The Family Tango
My best friend called me today disappointed in her partner. It’s their first Christmas together and he’s decided to work – just like he did on Halloween and then again on Thanksgiving. I could hear the frustration in her voice. She has been here before, but with me. Years and years ago, I was the one calling her and she was the one listening.
Oh, how life comes full circle.
“You’re preaching to the choir,” I told her. And she knew that I understood, which is exactly why she called. She may be a new mom, but she was my wing-man and had seen it all: arguments and tears, countless happy times, and me going and doing what I want rather than wait for him to join along. Don’t get me wrong, I love my partner, but the trials and tribulations of relationships and parenting are many.
Becoming parents is like learning to tango without all the glitz and glamour of Dancing with the Stars. The idea is that two people are supposed to dance in unison with stoic, yet smiling faces as they go back and forth, hand-in-hand. I’m not a choreographer, but I imagine the dance should appear energetic and effortless.
The good part about Dancing is that they show participants practicing and then the finished product. The bad part about parenting is that you practice in real time while not fully realizing that it may take years for two people to be on the same page: for Christmas to be effortless and work to be something that you forgo a few days a year and, even more, the ability to know which battles are worth the fight.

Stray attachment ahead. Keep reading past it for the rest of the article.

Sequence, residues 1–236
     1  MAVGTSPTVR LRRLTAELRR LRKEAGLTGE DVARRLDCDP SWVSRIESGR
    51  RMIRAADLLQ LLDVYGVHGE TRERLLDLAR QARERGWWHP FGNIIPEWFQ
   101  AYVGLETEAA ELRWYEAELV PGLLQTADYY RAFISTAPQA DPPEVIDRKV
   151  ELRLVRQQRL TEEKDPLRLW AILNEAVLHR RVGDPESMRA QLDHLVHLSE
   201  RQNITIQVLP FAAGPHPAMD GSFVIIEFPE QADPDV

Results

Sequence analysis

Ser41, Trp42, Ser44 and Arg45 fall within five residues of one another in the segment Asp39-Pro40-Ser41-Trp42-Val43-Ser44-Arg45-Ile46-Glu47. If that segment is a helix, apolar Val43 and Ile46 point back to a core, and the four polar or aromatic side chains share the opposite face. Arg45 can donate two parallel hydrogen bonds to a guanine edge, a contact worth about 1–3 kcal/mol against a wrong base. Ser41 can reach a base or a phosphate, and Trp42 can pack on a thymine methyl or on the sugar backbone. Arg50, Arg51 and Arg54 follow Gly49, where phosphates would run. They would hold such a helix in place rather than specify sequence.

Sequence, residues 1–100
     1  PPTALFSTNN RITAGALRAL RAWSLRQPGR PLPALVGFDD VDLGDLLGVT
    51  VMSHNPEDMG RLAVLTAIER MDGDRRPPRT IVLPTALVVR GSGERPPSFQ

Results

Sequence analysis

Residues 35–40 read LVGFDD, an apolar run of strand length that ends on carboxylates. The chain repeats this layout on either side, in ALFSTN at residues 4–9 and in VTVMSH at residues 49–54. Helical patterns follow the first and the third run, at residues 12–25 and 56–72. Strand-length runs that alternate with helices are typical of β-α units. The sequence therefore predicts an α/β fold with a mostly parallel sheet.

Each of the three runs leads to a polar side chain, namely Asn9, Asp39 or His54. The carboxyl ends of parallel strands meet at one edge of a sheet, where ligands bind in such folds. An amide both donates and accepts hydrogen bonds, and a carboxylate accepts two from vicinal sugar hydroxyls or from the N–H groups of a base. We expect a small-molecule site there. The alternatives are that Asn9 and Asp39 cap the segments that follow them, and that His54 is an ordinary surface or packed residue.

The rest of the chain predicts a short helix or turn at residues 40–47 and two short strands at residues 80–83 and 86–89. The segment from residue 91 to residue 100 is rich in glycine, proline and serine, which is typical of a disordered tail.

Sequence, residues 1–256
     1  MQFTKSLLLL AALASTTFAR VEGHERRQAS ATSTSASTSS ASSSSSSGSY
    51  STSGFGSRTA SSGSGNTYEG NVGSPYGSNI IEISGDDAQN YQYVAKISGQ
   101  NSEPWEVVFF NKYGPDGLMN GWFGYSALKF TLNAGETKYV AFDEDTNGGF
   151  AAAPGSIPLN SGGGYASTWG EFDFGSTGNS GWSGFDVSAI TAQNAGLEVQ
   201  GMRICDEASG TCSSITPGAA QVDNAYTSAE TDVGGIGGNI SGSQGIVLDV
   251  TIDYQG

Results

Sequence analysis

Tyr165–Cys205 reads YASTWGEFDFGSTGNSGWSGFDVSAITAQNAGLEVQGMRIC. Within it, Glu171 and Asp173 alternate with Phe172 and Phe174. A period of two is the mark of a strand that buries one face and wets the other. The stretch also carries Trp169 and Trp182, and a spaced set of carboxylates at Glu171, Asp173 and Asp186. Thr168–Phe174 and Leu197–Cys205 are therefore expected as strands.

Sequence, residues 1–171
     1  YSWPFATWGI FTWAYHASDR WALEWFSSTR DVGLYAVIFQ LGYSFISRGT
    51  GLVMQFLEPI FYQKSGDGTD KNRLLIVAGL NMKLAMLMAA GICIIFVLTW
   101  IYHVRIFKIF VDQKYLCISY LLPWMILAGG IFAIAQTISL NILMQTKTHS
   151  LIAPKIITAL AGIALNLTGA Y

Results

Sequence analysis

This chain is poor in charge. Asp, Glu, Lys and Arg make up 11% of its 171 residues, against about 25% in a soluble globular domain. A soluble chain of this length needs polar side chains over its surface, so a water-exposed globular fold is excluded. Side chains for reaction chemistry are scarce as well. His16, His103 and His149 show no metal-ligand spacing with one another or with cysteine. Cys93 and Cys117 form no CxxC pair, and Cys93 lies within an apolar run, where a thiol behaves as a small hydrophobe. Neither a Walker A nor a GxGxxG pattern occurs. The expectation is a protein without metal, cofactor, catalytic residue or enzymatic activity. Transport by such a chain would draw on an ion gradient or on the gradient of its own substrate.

Our first Halloween together was an utter disaster. Rather than decline an invitation to a wedding, we tried to do trick-or-treating and the wedding. We rushed down the block with a baby who didn’t even know why she was dressed like Eeyore, drove far too fast to a wedding we missed, and got lost on the way to a reception we barely made it to.
Never again, we said.
“Your first Christmas together is more about you and she won’t remember if he is there or not,” I said.
This is a cold, hard truth. And, yes, I understand the importance of firsts and also how annoying it is that our image of what holidays are supposed to look like and what they actually are can come crashing down as soon as they arrive.
But the crash doesn’t have to be fatal. It’s the beginning of getting it right so two people can tango; joined hand-in-hand as they dance through a lifetime of back-and-forth of shared sacrifice and learning the curve of what it means to be a family.
How do you make the dance work with your signifcant other? What compromises have you made to keep your family together?
Image via Flickr: eschipul